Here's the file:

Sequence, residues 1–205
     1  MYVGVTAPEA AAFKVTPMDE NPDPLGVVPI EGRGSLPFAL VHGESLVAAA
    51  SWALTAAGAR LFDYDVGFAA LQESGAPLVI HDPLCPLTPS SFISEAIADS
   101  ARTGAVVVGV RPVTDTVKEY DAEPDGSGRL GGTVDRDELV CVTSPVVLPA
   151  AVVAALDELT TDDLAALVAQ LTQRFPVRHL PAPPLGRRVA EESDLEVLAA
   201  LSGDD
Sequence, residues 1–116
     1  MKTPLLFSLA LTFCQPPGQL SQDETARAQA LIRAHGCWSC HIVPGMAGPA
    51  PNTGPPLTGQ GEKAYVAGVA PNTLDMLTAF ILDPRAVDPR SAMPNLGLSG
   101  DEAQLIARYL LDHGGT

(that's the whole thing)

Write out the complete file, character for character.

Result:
Sequence, residues 1–205
     1  MYVGVTAPEA AAFKVTPMDE NPDPLGVVPI EGRGSLPFAL VHGESLVAAA
    51  SWALTAAGAR LFDYDVGFAA LQESGAPLVI HDPLCPLTPS SFISEAIADS
   101  ARTGAVVVGV RPVTDTVKEY DAEPDGSGRL GGTVDRDELV CVTSPVVLPA
   151  AVVAALDELT TDDLAALVAQ LTQRFPVRHL PAPPLGRRVA EESDLEVLAA
   201  LSGDD
Sequence, residues 1–116
     1  MKTPLLFSLA LTFCQPPGQL SQDETARAQA LIRAHGCWSC HIVPGMAGPA
    51  PNTGPPLTGQ GEKAYVAGVA PNTLDMLTAF ILDPRAVDPR SAMPNLGLSG
   101  DEAQLIARYL LDHGGT